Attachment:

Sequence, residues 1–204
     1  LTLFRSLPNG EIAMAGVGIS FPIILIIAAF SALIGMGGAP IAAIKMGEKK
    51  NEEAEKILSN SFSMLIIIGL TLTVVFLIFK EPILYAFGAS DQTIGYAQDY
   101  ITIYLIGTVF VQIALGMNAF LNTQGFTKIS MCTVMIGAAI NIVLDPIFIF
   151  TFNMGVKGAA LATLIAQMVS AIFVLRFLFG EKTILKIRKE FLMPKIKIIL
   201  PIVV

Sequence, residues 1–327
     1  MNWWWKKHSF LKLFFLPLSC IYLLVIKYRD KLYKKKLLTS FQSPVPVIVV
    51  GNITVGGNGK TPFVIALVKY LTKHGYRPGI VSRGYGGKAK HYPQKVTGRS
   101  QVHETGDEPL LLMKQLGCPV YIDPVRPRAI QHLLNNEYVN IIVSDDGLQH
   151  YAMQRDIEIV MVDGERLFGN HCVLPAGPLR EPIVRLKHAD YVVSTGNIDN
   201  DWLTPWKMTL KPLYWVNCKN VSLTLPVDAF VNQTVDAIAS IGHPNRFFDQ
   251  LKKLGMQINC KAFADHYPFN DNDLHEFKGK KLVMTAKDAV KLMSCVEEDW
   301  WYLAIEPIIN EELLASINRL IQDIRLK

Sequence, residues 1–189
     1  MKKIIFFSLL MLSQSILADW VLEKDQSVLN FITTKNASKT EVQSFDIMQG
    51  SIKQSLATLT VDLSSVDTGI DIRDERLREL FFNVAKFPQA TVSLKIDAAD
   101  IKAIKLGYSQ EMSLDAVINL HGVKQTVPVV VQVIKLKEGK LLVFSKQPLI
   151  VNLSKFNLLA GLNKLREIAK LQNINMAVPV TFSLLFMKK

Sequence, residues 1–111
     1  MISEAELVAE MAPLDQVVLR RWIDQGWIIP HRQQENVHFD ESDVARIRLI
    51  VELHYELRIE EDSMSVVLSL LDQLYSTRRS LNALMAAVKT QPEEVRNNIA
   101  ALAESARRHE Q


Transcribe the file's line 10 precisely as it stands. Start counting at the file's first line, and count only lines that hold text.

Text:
   101  QVHETGDEPL LLMKQLGCPV YIDPVRPRAI QHLLNNEYVN IIVSDDGLQH